Transport Airports

Vancouver Airport Sells 74 Customs Kiosks to Atlanta’s Hartsfield-Jackson

@denschaal

Mar 12, 2014 2:00 pm

Skift Take

Talk about ancillary revenue streams. Vancouver Airport Authority takes in a bunch of revenue by streamlining the flow of passengers through Customs at a handful of airports in Canada and the U.S.

— Dennis Schaal

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Vancouver Airport Authority

The BorderXpress kiosks streamline Customs and Border Protection inspections for international passengers. Vancouver Airport Authority


The management of Vancouver International Airport has more than the usual vested interest in speeding international travelers through Customs — it just sold 74 Automated Passport Control BorderXpress kiosks to the busiest airport in the world, Atlanta’s Hartsfield-Jackson International Airport.

The Vancouver Airport Authority, a not-for-profit group that manages Vancouver International Airport, is in the kiosk business, and says its APC systems can reduce passengers wait times by half for U.S. Customs and Border Protection inspections, and cut airport operating costs.

International passengers get directed to the kiosks, scan their passports, take a photo, and then use the kiosk touchscreens to make their declarations, and then verify their passenger information.

The CBP then runs the information through its databases, and performs a risk assessment. The passengers get a receipt from the kiosks, and then proceed to an inspector for a brief interview to verify the information, assuming there are no security issues, the Vancouver Airport Authority says.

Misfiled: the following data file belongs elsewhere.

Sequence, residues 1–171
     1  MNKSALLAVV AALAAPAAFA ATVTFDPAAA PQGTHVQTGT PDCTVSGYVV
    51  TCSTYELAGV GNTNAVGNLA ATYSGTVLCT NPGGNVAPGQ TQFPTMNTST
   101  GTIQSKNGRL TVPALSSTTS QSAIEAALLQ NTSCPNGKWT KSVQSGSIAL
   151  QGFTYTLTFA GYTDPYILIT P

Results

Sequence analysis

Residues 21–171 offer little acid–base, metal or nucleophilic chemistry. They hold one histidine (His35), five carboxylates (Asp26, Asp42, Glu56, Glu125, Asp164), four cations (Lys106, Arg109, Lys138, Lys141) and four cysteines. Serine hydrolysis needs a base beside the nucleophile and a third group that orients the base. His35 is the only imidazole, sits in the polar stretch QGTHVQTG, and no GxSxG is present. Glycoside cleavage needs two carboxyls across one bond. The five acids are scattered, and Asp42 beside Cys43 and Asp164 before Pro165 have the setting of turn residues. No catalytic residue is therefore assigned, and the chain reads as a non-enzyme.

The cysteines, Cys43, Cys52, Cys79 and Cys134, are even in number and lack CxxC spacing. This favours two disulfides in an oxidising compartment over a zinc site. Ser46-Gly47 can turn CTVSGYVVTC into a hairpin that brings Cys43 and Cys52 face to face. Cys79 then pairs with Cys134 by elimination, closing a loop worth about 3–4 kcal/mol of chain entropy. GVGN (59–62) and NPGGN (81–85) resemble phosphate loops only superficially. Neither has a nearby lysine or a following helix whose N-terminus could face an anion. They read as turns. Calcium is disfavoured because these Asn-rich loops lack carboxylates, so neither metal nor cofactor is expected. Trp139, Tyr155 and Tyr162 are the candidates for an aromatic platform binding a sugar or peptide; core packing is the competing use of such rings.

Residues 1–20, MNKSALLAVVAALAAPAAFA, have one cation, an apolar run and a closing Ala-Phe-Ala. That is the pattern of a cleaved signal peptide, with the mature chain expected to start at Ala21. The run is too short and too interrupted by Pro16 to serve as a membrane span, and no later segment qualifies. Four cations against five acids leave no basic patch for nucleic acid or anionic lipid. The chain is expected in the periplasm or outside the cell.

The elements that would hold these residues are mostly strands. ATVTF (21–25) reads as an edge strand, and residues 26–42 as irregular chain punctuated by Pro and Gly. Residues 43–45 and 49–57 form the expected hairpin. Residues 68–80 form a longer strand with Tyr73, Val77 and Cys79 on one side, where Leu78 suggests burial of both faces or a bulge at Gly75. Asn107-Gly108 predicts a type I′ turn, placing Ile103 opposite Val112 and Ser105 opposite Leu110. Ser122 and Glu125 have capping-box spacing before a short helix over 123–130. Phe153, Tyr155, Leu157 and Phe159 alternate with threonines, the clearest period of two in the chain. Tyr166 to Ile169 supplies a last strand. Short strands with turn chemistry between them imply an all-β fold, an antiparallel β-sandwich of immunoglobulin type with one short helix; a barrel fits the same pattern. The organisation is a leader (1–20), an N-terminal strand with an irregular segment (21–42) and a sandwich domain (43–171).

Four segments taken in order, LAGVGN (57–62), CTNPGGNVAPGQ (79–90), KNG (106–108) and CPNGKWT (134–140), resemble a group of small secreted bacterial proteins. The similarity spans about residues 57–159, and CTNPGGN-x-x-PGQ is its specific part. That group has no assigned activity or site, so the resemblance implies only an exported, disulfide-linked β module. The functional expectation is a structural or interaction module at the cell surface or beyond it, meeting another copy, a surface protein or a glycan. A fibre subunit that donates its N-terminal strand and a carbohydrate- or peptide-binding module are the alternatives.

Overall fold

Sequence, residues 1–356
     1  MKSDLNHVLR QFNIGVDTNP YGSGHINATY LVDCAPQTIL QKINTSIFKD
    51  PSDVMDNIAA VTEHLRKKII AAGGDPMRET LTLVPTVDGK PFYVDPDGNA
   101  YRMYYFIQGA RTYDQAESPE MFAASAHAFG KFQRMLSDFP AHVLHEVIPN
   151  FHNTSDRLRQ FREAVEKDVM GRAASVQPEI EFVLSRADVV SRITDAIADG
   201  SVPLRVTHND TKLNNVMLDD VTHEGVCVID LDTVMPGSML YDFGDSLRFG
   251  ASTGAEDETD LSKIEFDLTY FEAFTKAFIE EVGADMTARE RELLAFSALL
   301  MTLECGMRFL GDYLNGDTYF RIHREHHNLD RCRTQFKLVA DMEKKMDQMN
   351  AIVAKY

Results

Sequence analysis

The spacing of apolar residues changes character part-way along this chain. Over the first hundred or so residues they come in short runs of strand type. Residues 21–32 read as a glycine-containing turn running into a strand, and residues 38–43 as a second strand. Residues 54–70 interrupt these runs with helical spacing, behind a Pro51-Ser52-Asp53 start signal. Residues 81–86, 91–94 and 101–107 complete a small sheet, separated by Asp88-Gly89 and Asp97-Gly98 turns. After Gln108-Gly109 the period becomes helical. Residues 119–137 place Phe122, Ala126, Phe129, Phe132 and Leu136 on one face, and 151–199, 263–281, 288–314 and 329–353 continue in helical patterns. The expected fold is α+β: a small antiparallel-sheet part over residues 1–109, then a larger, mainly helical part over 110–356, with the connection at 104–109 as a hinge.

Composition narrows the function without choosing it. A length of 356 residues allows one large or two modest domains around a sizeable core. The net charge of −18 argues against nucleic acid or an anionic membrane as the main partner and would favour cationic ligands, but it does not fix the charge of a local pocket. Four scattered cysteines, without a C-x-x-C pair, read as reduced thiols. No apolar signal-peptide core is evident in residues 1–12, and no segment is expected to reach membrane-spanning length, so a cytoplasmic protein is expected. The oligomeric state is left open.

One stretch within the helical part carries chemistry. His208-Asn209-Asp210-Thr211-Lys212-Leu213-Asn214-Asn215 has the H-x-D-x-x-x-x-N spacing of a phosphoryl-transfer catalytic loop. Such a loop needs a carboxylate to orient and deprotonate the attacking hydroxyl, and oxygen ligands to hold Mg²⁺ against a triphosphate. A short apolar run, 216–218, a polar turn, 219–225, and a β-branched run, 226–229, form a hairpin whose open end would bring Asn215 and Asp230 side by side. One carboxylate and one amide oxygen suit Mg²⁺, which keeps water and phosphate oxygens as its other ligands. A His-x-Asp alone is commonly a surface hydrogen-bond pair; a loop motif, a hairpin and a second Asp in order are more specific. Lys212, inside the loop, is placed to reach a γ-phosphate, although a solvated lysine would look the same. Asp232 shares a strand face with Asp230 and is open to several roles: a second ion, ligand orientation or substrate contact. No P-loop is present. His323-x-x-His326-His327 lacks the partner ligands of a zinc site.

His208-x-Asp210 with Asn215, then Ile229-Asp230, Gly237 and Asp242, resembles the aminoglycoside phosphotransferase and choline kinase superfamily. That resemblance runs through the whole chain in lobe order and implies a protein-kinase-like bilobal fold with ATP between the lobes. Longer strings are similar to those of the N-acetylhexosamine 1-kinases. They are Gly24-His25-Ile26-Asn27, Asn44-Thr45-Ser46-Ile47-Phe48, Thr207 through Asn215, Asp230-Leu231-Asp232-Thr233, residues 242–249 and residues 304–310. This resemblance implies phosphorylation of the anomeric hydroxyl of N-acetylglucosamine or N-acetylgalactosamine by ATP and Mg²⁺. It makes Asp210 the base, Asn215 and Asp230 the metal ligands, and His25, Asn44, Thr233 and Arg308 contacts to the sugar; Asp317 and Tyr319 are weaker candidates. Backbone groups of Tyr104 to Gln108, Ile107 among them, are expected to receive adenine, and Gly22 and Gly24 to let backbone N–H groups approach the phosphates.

Passengers do not have to pre-register and the service is free for travelers.

Atlanta is the latest airport to get Vancouver’s kiosks. Vancouver (YVR), Montreal YUL), Chicago O’Hare (ORD), Chicago Midway (MDW), Seattle-Tacoma (SEA), and JFK Terminals 1 and 4 already are using the BorderXpress kiosks.

Craig Richmond, CEO of the Vancouver Airport Authority, says the authority got into the kiosk business after looking for ways to smooth the passenger flow through the Vancouver airport. A team of 13 people in the authority’s Simplified Passenger Travel department developed the kiosks with help from the airport’s IT department, he said.

As a not-for profit, Vancouver Airport is privatized, doesn’t receive government funds, and created the kiosk business to take in revenue, supplementing its retail business, Richmond says.

Below is a Vancouver Airport Authority video on how its kiosks work:

BorderXpress – Automated Passport Control, Innovation by YVR from YVR Media Relations on Vimeo.

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